We’re two days through the work week, and that means it’s time for another #techtiptuesday! This week we want to talk about a handy little tool that is rather helpful when…..well really all the time. Having a bottle of Assembly Lube within reach in your shop can help save you time, energy, and prevent damage. Assembly lube is typically a thick tacky oil that is designed to stick to metal surfaces to both aid in putting parts together, and to provide protection post assembly. There are many uses for an assembly lube but we are going to highlight a few of the key ones today, and if you have any uses of your own we would love to see them in the comments!
Since it is quite literally in the name, the first use we want to talk about is for assembly. Have you ever battled those little parts that are supposed to slide together and they just resist going easily? Often times during an engine build, or reassembly parts are cleaned with solvents or other similar materials. This removes all lubrication from the parts and when trying to put them back together the rough metal surfaces with zero lubrication can become stubborn. Pins, dowels, slides, and the like all benefit from a small sampling of this fluid on them.
The final assembly of a motor, transmission, or other machine can be a long process. Between taking your time to make sure everything is in it’s place and you aren’t missing anything the minutes add up. This is where the thick tackiness of an assembly lube come in big as it will hang in place for a decent amount of time giving you the time needed to complete assembly. Using an assembly lube to coat any components that will see metal to metal wear such as cam lobes can help prevent wear on the initial startup. This is a job normally performed by the engine oil, however on the very first startup after a rebuild it can take a few seconds for the engine oil to get dispersed throughout the motor. by having assembly lube in the friction areas of the motor it can help to protect those components until the engine oil can take over permanently.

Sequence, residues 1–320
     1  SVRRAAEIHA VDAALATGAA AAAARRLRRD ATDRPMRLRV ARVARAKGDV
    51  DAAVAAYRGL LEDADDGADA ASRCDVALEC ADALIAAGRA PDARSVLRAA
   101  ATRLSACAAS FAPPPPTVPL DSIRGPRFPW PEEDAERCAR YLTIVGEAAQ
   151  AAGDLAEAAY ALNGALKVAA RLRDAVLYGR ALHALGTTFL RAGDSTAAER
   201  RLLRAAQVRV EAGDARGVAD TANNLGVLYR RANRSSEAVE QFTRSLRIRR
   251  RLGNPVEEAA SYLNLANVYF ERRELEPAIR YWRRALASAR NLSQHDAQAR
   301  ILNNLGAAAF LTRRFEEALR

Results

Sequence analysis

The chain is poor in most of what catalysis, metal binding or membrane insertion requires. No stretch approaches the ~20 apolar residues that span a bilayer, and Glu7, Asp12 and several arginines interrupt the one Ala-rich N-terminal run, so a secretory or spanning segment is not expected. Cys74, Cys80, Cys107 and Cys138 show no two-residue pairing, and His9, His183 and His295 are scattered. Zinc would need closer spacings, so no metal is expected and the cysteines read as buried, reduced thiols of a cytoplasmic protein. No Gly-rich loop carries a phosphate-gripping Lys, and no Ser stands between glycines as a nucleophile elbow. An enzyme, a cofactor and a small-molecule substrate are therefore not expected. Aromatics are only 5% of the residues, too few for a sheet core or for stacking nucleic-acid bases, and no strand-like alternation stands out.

Another nice benefit of an assembly lube is as a rust preventative. Use it on nuts and bolts as a light coating to help prevent oxidation of the metals. A little coating of the assembly lube can help delay rust, so it can be especially useful on parts that you will need to take back apart at some point and would prefer not to fight with. A little extra work the first time can save you a fair bit the next time you have to take it apart.